• Neuroscience advances offer military technologies of enhancement to one’s own side – eg brain/computer interfaces, cognitive and attention enhancers (eg ritalin, modafanil)
  • as well as technologies of degradation to opponents – again only degradation considered here
potential physical non cb weaponry aimed at neural systems
Potential Physical (non CB) Weaponry aimed at neural systems
  • Trans-cranial magnetic stimulation
  • Directed energy (microwaves, lasers etc)
  • Acoustic energy (sound blasters)
  • ‘Active denial’
  • etc (see Davison: ‘Non-lethal’ weapons, 2009; RS report 2011)
  • Some in current production and use (eg IDF)
  • Some under US, Czech, German contracts (Davison 2009, BMA 2007)
  • Much snake-oil
active denial technology
Active Denial Technology
  • ‘a breakthrough non-lethal technology that uses millimetre-wave electromagnetic energy to stop, deter and turn back an advancing adversary from relatively long range… ADT exploits intolerance of thermally induced pain..maximised at a temperature of 550C’ but ‘does not burn’..
  • developed by Communications and Power Industries, Palo Alto
  • 2004 - system delivered by Raytheon to US military
  • Press release states device meets approved human and animal research protocols (!)
  • (Girard, 2005)
the scream weapon
The Scream Weapon
  • Bil’in, near Ramallah, June 6 2005
  • “new weapon knocks crowds off feet”
  • “the knees buckle high technology toolkit”, the brain aches, the stomach turns..the latest weapon in the Israeli army’s toolkit”
  • (Press reports)
bio chemical agents aimed at pns
(Bio)Chemical agents aimed at PNS
  • Tear gasses etc in this category:
  • Enhanced CS
  • Pepper ball (PAVA; capsaicin)
  • Agents causing temporary blindness or neuromuscular relaxation/paralysis
  • Nb all can be lethal
the pepperball
The Pepperball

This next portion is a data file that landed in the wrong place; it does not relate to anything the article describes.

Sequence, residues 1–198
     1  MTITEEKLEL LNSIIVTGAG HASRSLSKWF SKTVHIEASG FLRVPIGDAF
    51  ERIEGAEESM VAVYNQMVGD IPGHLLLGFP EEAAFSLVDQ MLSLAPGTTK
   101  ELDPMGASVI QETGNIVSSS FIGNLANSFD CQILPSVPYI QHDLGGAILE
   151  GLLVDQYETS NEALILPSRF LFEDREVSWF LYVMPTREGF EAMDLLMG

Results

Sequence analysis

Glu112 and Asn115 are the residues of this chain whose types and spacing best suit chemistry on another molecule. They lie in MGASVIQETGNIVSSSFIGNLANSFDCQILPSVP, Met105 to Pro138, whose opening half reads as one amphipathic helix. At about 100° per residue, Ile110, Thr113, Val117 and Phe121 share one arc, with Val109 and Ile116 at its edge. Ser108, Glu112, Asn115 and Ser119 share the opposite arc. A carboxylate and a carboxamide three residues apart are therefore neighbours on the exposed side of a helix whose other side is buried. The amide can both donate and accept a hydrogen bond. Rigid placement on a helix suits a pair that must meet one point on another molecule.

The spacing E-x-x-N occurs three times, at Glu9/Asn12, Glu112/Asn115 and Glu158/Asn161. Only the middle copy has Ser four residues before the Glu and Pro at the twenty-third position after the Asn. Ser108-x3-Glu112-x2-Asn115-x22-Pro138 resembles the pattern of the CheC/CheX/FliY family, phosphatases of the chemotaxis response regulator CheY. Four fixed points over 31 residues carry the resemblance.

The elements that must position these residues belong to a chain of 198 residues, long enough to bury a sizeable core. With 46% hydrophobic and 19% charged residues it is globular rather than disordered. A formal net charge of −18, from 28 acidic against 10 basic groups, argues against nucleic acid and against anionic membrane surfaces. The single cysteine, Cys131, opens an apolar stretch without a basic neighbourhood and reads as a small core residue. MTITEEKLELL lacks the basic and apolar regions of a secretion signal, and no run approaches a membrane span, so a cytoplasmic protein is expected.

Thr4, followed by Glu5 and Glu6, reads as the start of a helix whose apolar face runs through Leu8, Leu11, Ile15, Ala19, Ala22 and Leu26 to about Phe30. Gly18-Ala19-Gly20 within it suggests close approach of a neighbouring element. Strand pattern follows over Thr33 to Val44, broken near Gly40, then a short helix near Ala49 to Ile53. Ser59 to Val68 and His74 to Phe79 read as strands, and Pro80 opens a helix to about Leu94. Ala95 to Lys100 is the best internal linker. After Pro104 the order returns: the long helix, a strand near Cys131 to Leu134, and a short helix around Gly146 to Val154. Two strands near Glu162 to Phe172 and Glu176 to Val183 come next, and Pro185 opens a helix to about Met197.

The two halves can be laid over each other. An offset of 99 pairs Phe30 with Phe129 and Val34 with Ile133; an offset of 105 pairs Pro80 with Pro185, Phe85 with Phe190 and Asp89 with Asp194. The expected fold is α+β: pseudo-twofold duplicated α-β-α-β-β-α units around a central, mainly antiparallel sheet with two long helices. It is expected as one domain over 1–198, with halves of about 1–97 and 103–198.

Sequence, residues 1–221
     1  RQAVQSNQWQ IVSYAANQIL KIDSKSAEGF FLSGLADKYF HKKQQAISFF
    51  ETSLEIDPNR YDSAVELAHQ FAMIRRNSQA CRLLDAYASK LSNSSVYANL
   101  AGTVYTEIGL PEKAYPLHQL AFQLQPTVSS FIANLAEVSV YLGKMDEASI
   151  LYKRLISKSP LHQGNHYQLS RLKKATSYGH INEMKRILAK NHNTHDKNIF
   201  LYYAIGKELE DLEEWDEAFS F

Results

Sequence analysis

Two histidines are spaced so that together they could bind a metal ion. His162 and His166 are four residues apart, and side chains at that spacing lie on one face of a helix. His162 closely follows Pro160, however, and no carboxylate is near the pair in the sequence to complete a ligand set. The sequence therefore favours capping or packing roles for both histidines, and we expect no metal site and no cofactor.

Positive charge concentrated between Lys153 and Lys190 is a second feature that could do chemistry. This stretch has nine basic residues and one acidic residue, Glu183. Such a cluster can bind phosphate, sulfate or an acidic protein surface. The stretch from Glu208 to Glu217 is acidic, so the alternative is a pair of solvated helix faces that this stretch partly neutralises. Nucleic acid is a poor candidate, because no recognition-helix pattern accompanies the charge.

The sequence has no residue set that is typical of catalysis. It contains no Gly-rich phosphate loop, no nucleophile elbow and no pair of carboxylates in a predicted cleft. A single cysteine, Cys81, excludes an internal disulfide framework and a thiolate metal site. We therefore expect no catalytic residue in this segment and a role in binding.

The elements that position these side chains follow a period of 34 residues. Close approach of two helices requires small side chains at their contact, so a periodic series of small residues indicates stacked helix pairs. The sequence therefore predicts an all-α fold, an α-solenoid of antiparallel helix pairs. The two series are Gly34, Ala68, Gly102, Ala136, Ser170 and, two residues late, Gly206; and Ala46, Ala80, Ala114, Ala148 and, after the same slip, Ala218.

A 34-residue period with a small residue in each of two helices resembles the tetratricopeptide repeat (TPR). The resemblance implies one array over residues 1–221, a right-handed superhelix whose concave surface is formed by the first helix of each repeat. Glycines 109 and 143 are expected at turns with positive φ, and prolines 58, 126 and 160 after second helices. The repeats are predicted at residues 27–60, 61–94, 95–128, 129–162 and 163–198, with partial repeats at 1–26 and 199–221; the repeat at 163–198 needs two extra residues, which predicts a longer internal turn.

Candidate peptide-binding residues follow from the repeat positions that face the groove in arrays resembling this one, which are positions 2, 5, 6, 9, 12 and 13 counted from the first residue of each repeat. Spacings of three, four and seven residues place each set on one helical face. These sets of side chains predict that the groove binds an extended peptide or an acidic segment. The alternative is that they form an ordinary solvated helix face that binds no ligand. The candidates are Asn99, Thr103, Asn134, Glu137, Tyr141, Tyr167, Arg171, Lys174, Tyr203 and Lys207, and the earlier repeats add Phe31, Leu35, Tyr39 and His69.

• IDF attack on peaceful Israeli and Palestinian protest against the Wall, 28 April 05
  • “a small transparent red plastic ball …containing a creamy white powder.. when it hits the skin and explodes produces an extreme burning sensation”
  • (Giacaman, 2005)
definitions for cns non lethals
Definitions for CNS non-lethals
  • Highly potent
  • Duration hours to days but effects transient
  • Reversible effects
  • Low ED50, High LD50
  • (but impossible in practice)
  • Logistically feasible - i.e skin or breath absorbable, cross BBB, weaponisable
non lethal agents aimed at cns
‘Non-Lethal’ agents aimed at CNS
  • ‘off the rocker’ or ‘on the floor’ (Davison)
  • Incapacitating/calmative (thiopental, diazepam)
  • Sedative –hypnotic (barbiturates)
  • anxiolytic
  • Convulsant
  • Disorienting (BZ – muscarinic antagonist, other hallucinogens)
  • Paralysing/anaesthetic/analgesic (opioids, fentanyl)
potential novel agents
Potential novel agents
  • Non-cholinergic or opioid agonists/antagonists
    • Receptor/reuptake inhibitors
  • ‘Memory erasers’ (anti-CREB etc)
  • ‘Trust inducers’ (oxytocin etc)
  • ‘Mood-modifiers’
  • Derived from non-traditional drugs – peptides, proteins, ge toxins etc